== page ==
The Ran (Rosh Hashanah, on the Rif 8a) explains that on Yom Tov, the entire Jewish people are busy performing the mitzvos of the day, therefore they cannot be expected to keep an eye out to prevent one another from carrying. However, when a bris milah occurs, only the mohel is busy in performing the mitzvah. The other Jews assembled will be free to prevent the mohel from carrying his knife.

An Overriding Mitzvah

Other Rishonim (Ritva, Succah 43a; Meiri, Megillah 4b) explain that in contrast to the mitzvos, the bris milah itself involves a Torah prohibition. If not for the pasuk that orders us otherwise, it would be a violation of meleches choveil (wounding) to perform a bris milah. Since the Torah instructs us that bris milah takes precedence over a definite violation of meleches choveil, our Sages did not forbid it.

An Eight Day Count

The Ritva (ibid.) adds another explanation. As we know, outside of Eretz Yisrael, two days of Yom Tov are observed, since the messengers from the Beis Din in Yerushalayim were unable to reach Chutz La’’Aretz in time to inform them when the new month began, and on which day to observe Yom Tov. As a result, they observed both days just in case. Our Sages forbid shofar and lulav in favor of guarding Shabbos, since shofar and lulav might be observed on the wrong day. The certainty of Shabbos observance took precedence over the possibility of shofar and lulav. Even in places where they were familiar with the fixed lunar cycle, and knew which was the correct day for Yom Tov, our Sages made no exception. They wished to preserve one consistent set of rules for all Jewish communities throughout the world. Bris milah, on the other hand, does not depend on a lunar date. The certainty of bris milah performed on the correct day, eight days after birth, takes precedence over Shabbos.

Doubt and Negligible Doubt

The Chasam Sofer (in his commentary on Shabbos 131b), discusses bris milah as also involving an element of uncertainty. Unbeknownst to us, the child may have been born with health complications, G-d forbid, which would classify him as a neifel, whose bris does not preempt Shabbos. He states that a question of the correct date is a justified concern, since the Bnei Chutz La’Aretz observed both days, without knowing which was the Yom Tov medeoraisa. However, only a small minority of babies are neifels, therefore it is a negligible doubt, which would not justify preempting the bris.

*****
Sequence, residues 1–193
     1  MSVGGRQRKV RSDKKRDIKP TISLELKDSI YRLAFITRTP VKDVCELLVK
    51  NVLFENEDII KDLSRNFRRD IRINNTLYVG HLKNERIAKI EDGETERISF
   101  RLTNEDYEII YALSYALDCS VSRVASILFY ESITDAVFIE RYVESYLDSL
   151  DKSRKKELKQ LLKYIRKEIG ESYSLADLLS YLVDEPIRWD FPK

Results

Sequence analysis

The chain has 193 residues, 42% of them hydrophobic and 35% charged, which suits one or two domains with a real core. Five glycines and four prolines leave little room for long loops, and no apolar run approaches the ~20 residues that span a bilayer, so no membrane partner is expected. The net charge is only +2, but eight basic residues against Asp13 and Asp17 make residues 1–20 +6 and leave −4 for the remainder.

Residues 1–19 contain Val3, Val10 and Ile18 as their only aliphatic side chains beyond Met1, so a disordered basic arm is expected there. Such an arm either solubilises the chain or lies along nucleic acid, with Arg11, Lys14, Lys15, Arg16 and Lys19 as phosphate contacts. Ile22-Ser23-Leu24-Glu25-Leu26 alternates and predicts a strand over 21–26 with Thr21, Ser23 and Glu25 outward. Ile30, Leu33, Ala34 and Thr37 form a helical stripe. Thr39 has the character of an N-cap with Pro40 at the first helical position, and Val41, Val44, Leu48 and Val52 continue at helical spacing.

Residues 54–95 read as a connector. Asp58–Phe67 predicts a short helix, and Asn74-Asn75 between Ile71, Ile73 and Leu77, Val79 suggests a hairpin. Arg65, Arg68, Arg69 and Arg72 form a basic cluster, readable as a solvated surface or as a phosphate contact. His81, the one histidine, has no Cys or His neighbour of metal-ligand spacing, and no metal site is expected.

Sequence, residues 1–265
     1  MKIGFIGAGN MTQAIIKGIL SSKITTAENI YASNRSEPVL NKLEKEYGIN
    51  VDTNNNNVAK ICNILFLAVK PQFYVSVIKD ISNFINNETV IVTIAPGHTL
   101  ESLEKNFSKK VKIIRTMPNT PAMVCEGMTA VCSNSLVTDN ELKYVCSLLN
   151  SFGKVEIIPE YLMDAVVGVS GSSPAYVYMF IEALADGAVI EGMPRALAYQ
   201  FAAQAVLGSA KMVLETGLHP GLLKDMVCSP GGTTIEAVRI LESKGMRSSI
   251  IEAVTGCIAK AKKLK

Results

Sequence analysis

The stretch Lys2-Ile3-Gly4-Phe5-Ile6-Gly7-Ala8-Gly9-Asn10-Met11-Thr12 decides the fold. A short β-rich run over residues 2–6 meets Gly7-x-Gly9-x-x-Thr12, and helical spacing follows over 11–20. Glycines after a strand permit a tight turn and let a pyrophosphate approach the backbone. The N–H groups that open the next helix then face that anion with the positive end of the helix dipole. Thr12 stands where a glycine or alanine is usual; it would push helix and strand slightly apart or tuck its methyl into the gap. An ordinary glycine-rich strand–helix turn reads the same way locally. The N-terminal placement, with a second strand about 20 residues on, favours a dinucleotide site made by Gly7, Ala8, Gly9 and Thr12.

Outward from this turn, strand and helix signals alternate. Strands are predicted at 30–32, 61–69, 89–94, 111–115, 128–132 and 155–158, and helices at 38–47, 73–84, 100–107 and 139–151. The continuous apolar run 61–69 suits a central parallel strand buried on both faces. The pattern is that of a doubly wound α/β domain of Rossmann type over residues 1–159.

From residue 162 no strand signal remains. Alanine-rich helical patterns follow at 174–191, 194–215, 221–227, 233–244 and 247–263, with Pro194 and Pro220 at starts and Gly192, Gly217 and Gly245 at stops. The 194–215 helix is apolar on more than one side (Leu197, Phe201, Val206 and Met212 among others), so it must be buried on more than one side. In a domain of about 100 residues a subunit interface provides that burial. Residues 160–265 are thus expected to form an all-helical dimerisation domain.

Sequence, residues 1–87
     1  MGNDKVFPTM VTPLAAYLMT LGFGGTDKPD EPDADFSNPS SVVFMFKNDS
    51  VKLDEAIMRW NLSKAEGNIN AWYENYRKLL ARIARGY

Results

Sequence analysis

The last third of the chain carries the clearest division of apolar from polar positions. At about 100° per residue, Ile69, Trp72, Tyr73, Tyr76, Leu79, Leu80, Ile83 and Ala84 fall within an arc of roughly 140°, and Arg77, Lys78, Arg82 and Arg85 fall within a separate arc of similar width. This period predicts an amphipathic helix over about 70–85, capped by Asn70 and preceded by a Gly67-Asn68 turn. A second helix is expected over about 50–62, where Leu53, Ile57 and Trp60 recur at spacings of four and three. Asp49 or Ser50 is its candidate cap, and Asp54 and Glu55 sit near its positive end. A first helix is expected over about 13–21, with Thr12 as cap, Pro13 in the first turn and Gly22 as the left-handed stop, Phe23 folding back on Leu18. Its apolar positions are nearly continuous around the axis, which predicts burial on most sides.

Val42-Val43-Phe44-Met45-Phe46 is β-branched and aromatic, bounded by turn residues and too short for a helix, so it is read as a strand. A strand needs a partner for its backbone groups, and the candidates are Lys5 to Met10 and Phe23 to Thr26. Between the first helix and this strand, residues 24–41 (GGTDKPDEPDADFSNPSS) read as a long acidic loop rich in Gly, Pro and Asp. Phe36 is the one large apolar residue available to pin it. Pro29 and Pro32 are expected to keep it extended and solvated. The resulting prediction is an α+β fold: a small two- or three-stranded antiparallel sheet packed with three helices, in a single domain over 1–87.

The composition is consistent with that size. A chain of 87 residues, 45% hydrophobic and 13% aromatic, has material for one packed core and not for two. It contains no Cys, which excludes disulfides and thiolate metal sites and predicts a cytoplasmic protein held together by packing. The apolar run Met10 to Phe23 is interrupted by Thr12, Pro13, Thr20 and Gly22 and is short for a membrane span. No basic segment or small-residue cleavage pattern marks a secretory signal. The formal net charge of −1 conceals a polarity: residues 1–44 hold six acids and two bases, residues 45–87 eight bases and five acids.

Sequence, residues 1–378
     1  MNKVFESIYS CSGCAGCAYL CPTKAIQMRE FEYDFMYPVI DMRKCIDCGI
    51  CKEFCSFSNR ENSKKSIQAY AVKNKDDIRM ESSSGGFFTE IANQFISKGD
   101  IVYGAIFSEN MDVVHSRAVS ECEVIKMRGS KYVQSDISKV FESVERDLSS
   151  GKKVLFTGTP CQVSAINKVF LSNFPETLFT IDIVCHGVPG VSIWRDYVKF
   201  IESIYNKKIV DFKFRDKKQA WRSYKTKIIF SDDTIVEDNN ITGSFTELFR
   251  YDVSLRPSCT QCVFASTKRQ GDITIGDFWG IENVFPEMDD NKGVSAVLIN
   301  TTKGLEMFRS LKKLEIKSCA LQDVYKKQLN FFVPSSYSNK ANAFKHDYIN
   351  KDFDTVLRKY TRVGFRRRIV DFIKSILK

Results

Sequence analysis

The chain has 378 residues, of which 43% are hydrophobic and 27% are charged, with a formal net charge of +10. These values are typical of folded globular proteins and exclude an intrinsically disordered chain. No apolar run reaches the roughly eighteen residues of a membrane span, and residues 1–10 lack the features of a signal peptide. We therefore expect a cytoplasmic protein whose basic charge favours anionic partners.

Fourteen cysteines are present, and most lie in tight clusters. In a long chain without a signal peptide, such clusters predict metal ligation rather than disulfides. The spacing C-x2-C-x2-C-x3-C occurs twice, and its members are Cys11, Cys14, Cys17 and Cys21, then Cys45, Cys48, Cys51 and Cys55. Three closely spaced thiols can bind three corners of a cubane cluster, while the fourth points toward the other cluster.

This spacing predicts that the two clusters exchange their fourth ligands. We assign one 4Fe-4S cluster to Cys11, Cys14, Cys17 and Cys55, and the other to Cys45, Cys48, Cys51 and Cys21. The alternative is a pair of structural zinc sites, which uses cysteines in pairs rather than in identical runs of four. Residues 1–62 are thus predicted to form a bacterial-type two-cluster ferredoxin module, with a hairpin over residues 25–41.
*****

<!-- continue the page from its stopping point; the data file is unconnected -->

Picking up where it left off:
Daf Yomi

Thursday, September 27th, 2012

Pomp And Circumstance
‘Endeavor to See the King’
(Berachos 58a)

Our Sages composed two berachos to say upon seeing a king. We say, “Blessed are You Hashem…who apportioned from His honor to those who fear Him” upon seeing a Jewish king and “Blessed are You Hashem… who gave from His honor to flesh and blood” upon seeing a gentile king.

The Gemara states that a person should always run to meet kings of Israel, or even kings of other nations. That way, when Moshiach arrives, he will be able to discern the difference between the honor of kings in this world and the far greater honor and greatness of Moshiach. He will then see the great reward for those who observe Hashem’s mitzvos (Magen Avraham, O.C. 224, s.k. 7).

A Queen?

There are certain circumstances under which one should not look at a king. For example, it is forbidden to look at the face of a wicked person. Therefore, one should not look at a wicked king.

Some poskim also say one should not look at a queen who has the halachic status of a king if she rules a country in place of a king. One should say the berachah, but looking at her directly is immodest, these poskim explain.

The Entourage

Under certain circumstances, a person might recite a berachah upon seeing a king’s entourage, his marching band, or a ceremony held in his honor, yet not when seeing the king himself!

How so? Poskim conclude (see Responsa Shevet HaLevi 1:35) that in situations where one is proscribed from directly gazing at a monarch, it is sufficient to contemplate the honor that is shown to him or her by the assembled crowds and their gazes of admiration in order to recite the berachah. The impression upon encountering royalty (see Shaarei Teshuvah 224:2) can be realized simply by looking at the entourage and ceremonial procession.

On the other hand, a person who sees a king without the fanfare that usually accompanies him does not gain this impression. In such circumstances, therefore, he should not say the berachah (Kaf Hachayim 224; see Shevet HaLevi ibid.; and Responsa Betzeil Hachachmah 2:13).

Melech HaMoshiach

Based on this, we can understand why Rebbi Yehuda HaChassid rules (Sefer Chassidim 950) that a person only needs to interrupt his Torah studies to see a king once. After he has already seen a king’s honor once, he can compare it to the honor of Moshiach and the Jewish people in the future. He need not trouble himself to see a king again unless the king makes an appearance with even greater ceremony and honor (see Machatzis HaShekel 224 on Magen Avraham ibid.). He then will see that even the greater honor shown to the king is nothing compared to the honor of Moshiach, may he come speedily and in our days.